30548 - DECISION THEORY AND HUMAN BEHAVIOR
Course taught in English
Go to class group/s: 27
Class-group lessons delivered on campus
Students learn how to think about many economic and noneconomic issues through the lens of decision theory. The elegant and powerful tools of decision theory endow students with an analytical mindset and a strong quantitative preparation, which forms the building block for understanding the foundations of microeconomic analysis. The course helps students address fascinating questions about human behavior in economic and noneconomic settings using a rigorous mathematical approach.
∙ Methodology of decision theory
∙ Utility theory
∙ Decision making under risk
∙ Risk attitudes
∙ Decision making under uncertainty
∙ The consumer problem
∙ The portfolio problem
Modern and contemporary theory
∙ Decision making under ambiguity
∙ Decision making under model uncertainty
∙ Algorithmic decision theory
The course aims to endow students with the ability to use the analytical tools of decision theory, to build and solve microeconomics models, to conduct comparative statics analysis, and to solve constrained optimization problems applied to a variety of economic and noneconomic settings.
The course aims to endow students with the ability to apply the theoretical tools of decision theory to a variety of human behavior settings, to articulate economic reasoning, and to evaluate the trade-offs involved in a given choice.
- Face-to-face lectures
- Group assignments
IMPORTANT 1: we may need to change or adapt any features of the course. For this reason, all information provided below is subject to change due to unforeseen circumstances. However, be reassured that if we need to make changes, these changes will be always beneficial to students and swiftly communicated in class and via email, and posted on Blackboard’ Announcements area.
IMPORTANT 2: from our point of view, attending and not attending students are identical. We care about each of you and our mission is to make you learn and do great in this course regardless of whether you will be physically in class or attending the course remotely.
There will be no differences in the teaching and assessment methods between attending and not attending students.
We have designed a course that enables students to acquire a profound understanding of the theoretical underpinnings of human decision making. To accomplish this goal, the course is built around these building blocks:
- Face-to-face Lectures
Understanding Decision Theory is about learning the models and the theoretical framework through a combination of mathematical tools and economic intuition. In the theory lectures we learn together a series of concepts and formal models.
- Group Assignments
There are 4 assignments that students are asked to solve in groups of 3 or 4. Working with fellow students endows students with team-working skills that are valuable assets in many working environments. In addition, this is one of the best ways to get to know your peers and develop friendships. Group problem sets must be typed using LaTex.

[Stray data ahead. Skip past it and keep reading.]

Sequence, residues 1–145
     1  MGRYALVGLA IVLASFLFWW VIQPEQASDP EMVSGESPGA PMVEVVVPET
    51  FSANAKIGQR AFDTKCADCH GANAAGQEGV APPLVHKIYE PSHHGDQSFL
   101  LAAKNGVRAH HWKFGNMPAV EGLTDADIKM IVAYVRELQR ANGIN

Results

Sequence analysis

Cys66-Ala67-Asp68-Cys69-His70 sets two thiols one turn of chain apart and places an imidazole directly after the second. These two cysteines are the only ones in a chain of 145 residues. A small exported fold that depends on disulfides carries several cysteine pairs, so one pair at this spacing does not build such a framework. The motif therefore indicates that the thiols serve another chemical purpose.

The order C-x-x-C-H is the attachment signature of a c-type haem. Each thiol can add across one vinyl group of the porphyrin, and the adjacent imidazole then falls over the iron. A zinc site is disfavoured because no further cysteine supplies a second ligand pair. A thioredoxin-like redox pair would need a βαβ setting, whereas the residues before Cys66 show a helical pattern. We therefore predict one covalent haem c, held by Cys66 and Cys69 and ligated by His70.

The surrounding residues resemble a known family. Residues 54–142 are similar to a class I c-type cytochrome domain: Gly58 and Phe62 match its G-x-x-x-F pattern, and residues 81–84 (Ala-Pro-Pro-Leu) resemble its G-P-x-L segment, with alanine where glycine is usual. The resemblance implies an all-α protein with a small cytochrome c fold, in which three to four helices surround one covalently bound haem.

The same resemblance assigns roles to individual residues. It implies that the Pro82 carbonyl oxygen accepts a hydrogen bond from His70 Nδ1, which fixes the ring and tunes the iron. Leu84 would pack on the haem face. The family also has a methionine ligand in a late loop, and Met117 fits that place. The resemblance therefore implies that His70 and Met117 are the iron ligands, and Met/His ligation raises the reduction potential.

ATTENDING AND NOT ATTENDING STUDENTS
With the purpose of measuring the acquisition of the learning outcomes mentioned above, students’ assessment is based on the following items:
- 10% of the grade --- 4 group assignments aimed to acquire sophisticated decision-theoretic analytical skills and the ability to work in groups.
- 45% of the grade --- a midterm exam consisting of theoretical questions and problems aimed to assess students’ ability to apply the analytical tools illustrated during the course, to solve and explain decision theory models, to conduct comparative statics analysis, and to solve constrained optimization problems applied to a variety of economic and noneconomic settings.
- 45% of the grade --- a final exam consisting of theoretical questions and problems aimed to assess students’ ability to apply the analytical tools illustrated during the course, to solve and explain decision theory models, to conduct comparative statics analysis, and to solve constrained optimization problems applied to a variety of economic and noneconomic settings.
Instead of taking the Midterm and the Final Exams, students can take a General written exam on the entire program (the general exam counts 90% of the overall grade).
Students are required to familiarize themselves with the Bocconi Academic Conduct Code. All violations, especially the ones dealing with examinations (e.g., cheating, etc.), will have to be reported to the office of the Dean for Undergraduate Studies.
Examinations are closed books.
Grades are based on the X/30 cum laude scale with the minimum passing grade for the entire course being 18/30. A minimum grade of at least 10/30 in both the midterm and final exams must be obtained. If this is not the case, students take a General exam on the entire program.
The course is based on the instructors’ lecture notes. Additional readings will be communicated during the semester.